Diversity Council charter endorsed by senior leaders
By Capt. Jennifer Eaton, Utah Air National Guard JFHQ/PAO
/ Published December 06, 2015
SALT LAKE CITY -- After months of collaboration, the Utah National Guard Diversity and Inclusion Strategic Plan was recently approved by Maj. Gen. Jefferson Burton, The Adjutant General of the Utah National Guard, and Brig. Gen. Kenneth Gammon, Director of the Joint Staff, who serve as Joint Diversity Executive Council Committee Chair and Vice Chair, respectively.
The comprehensive document outlines goals and objectives designed to develop and sustain a diverse workforce within Air and Army Guard components across the state.
"Diversity and inclusion are much more than buzz words; this strategic plan impacts everyone who serves in the Utah National Guard," said Burton. "Leaders, commanders, managers, and members of each organization can help leverage individual differences to maximize mission effectiveness, readiness and productivity."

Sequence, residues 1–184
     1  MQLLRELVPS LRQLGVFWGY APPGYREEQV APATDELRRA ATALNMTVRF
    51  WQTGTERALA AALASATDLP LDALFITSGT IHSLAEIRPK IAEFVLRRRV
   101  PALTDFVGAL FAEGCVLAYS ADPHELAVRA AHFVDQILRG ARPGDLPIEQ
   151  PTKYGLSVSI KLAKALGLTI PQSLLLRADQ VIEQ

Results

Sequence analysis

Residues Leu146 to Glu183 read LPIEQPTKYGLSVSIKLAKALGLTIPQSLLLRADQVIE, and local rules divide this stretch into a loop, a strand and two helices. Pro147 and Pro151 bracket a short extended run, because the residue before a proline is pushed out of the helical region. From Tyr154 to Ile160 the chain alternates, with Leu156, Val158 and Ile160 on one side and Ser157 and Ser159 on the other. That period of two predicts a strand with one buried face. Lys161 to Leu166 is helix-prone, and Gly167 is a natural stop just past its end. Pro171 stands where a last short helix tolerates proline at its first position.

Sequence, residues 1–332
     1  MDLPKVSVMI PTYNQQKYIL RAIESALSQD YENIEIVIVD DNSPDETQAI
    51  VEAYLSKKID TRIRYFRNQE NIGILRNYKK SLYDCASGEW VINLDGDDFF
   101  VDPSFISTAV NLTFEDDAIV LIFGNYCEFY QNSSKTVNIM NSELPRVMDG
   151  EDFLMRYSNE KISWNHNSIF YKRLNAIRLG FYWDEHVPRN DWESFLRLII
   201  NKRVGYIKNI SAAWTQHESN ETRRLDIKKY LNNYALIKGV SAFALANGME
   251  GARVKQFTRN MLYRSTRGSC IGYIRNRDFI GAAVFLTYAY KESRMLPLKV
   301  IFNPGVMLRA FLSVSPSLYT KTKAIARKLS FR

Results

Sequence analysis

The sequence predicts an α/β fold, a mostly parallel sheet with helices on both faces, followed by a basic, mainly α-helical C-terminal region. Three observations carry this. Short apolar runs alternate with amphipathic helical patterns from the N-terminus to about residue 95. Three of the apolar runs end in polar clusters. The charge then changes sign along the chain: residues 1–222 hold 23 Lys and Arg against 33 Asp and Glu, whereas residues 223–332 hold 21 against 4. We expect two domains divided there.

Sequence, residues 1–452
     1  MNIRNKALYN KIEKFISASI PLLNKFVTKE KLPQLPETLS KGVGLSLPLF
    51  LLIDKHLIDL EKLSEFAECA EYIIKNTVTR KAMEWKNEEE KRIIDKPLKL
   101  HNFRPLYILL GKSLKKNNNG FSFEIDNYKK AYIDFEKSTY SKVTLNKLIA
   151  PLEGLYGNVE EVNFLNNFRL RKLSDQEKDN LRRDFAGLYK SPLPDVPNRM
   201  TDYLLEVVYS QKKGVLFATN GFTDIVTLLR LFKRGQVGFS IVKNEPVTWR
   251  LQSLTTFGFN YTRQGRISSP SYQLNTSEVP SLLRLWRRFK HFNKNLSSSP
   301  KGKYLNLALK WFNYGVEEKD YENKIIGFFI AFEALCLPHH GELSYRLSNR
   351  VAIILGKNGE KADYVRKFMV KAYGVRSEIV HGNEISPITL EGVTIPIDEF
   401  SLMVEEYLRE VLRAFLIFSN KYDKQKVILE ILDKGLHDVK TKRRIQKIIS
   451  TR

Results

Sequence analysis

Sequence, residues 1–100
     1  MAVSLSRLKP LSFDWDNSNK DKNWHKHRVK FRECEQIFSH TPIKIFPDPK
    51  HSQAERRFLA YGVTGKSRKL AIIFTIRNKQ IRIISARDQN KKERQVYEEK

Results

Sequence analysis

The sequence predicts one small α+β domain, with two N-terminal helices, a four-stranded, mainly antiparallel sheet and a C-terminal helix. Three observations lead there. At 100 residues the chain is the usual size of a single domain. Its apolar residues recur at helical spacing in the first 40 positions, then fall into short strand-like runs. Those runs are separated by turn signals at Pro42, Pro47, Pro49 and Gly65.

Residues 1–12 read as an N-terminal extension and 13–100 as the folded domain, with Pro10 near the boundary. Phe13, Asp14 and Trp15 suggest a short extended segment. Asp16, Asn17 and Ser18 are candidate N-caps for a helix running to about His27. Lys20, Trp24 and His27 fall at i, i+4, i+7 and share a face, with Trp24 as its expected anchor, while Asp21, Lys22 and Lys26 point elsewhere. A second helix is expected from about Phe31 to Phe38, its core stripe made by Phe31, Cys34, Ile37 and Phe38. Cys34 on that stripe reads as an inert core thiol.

The Joint Diversity Executive Council working group, led by Lt. Col. Andrea Van Leeuwen, and comprised of more than a dozen members of different ranks and specialties, will meet quarterly to facilitate the process of identifying, defining, and addressing diversity issues that affect the readiness of the Utah National Guard
"The committee will help to establish an organizational culture where diversity and inclusion are valued as force multipliers," said Van Leeuwen. "Everyone has an important story to tell and a unique background that lends something to the fight."
The strategic plan highlights four distinct overarching goals, each with specific, associated objectives. These include: enhancing diversity and inclusion in the UTNG; ensuring leaders at all levels champion diversity initiatives; developing internal and external diversity partnerships; and mentoring UTNG members to retain talent reflective of local communities.
Van Leeuwen noted that inclusion is more than just a top TAG priority.
"This topic couldn't be more relevant to our daily operating environment," she said. "Who we are and what we each bring to the fight is much bigger than any single demographic designation. Efforts to safeguard our unique approaches and capabilities deserve our time and attention."